Studies are also being conducted on the use of narrow-spectrum LEDs. If you want to experiment with them, go ahead, but the studies I’ve seen suggest that we still do not know enough about them to make using them economically justifiable for you and me. Their cost will be dropping and their efficiency increasing, and maybe in a few years we’ll know the best colors to use. Till then–use fluorescents.
Fluorescent tubes are coded by diameter in T units: each T unit is 1/8". The standard old linear fluorescent tube, 1 1/2 inches in diameter, is called T12. T10 tubes (1 1/4 inch diameter) are also available but mostly for specialty fixtures of odd lengths. The T5 tube is the most efficient at present (diameter 5/8 inch), but it’s only slightly more efficient than the T8 tube, and costs a lot more initially (more than you’ll save in electrical costs over several years of use). It runs hotter and is brighter, so you’ll need to keep it farther away from the plants (thereby losing part of the value of greater efficiency) and avoid looking directly at it. At least, that is what I’ve read. The value-for-price sweet spot right now is the T8 tube, either 48" long (for most of us) or 96" long (if you have the space in a special grow area).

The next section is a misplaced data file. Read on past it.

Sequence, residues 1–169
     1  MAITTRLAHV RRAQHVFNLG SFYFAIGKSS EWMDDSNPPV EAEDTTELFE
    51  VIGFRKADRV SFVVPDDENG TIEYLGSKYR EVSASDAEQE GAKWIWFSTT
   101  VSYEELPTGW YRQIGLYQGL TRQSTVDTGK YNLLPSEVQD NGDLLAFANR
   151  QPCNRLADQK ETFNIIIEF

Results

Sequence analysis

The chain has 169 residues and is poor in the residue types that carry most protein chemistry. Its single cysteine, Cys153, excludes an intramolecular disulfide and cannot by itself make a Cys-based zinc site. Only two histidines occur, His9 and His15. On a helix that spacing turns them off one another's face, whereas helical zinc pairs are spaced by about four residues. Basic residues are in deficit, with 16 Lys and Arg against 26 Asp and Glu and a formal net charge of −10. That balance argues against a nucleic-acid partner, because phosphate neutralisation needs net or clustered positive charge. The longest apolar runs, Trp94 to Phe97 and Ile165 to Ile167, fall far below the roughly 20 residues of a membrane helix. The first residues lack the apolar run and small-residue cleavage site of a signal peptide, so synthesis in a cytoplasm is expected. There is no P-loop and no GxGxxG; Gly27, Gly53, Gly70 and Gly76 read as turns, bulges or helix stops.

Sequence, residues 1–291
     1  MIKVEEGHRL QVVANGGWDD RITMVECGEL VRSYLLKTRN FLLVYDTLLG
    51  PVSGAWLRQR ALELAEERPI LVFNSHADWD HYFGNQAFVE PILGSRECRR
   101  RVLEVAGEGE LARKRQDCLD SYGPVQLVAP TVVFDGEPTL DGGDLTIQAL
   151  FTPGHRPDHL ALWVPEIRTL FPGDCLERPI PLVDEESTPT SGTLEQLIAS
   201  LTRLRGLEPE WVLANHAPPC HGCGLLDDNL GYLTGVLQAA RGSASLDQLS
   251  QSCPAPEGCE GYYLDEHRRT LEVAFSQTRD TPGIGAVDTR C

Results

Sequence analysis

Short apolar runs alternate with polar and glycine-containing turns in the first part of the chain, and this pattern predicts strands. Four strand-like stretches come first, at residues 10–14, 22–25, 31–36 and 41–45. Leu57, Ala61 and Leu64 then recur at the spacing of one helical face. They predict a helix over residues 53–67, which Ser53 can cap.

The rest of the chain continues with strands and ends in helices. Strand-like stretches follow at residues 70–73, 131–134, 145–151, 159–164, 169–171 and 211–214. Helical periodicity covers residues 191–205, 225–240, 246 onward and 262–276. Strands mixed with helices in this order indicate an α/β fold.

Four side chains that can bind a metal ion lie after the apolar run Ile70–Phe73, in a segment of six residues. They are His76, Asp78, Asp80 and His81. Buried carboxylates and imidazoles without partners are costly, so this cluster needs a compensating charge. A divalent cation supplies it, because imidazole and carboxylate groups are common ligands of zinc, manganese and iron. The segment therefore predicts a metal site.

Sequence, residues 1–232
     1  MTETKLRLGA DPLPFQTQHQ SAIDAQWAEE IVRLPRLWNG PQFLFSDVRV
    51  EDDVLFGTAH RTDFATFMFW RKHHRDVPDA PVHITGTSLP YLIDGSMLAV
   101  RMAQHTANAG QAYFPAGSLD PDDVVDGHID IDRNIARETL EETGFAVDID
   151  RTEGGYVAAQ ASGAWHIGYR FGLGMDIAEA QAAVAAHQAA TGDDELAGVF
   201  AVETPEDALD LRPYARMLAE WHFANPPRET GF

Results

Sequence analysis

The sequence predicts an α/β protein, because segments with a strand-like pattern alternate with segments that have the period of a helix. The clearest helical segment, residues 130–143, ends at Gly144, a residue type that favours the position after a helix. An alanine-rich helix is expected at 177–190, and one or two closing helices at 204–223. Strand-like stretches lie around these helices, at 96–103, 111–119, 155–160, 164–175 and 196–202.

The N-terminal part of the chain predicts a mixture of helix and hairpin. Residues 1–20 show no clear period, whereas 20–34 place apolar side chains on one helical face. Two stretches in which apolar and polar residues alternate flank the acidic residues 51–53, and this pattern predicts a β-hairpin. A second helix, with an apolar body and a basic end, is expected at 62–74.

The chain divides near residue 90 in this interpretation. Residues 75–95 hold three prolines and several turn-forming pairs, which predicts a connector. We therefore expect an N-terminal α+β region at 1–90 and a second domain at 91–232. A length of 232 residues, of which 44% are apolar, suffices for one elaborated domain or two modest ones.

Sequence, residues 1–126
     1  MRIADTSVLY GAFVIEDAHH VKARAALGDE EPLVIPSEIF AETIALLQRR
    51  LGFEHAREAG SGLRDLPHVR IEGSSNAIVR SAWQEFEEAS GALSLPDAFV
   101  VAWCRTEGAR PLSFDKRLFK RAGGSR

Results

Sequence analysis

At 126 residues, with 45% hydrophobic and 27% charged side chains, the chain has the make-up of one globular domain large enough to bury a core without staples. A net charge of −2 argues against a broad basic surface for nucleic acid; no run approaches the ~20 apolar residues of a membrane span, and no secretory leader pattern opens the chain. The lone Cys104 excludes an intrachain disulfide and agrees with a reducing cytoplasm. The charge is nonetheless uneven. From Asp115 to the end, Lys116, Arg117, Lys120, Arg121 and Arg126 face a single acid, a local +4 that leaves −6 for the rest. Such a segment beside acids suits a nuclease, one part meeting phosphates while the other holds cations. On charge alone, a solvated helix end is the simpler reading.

Larry mentioned that bulb output decreases after some time of use. That is true. T8 bulbs last longer and have a much better average-over-life light output than T12 bulbs, however, and do not darken as quickly at the ends of the tubes. The 48 inch long Sylvania T8 Octron is rated at 24,000+ hours with an initial light output of 2800 lumens and an output (at 1/3 of its rated life) that is still 90% of the original. If you run the lights 24/7, a set of bulbs would be expected to last longer than 3 years and have an acceptable light output at nearly the end of their life. When you are buying bulbs, always pay attention to the color temperature (rated in degrees Kelvin–K) and the rated life. There are some deceptive names, such as Cool White Deluxe and Daylight, which are not as good for our purposes. There are some lower-priced lines (such as UtiliTech and Econo-whatever) that may cost slightly less per bulb but do not last as well and do not give as much light–not a bargain. T8 bulbs can be bought in contractor packs of 25-30, usually at significant savings, in the big box stores such as Lowe’s and Home Depot, but remember to pay attention to the brand, the rated life, the name of the color, and the color temperature.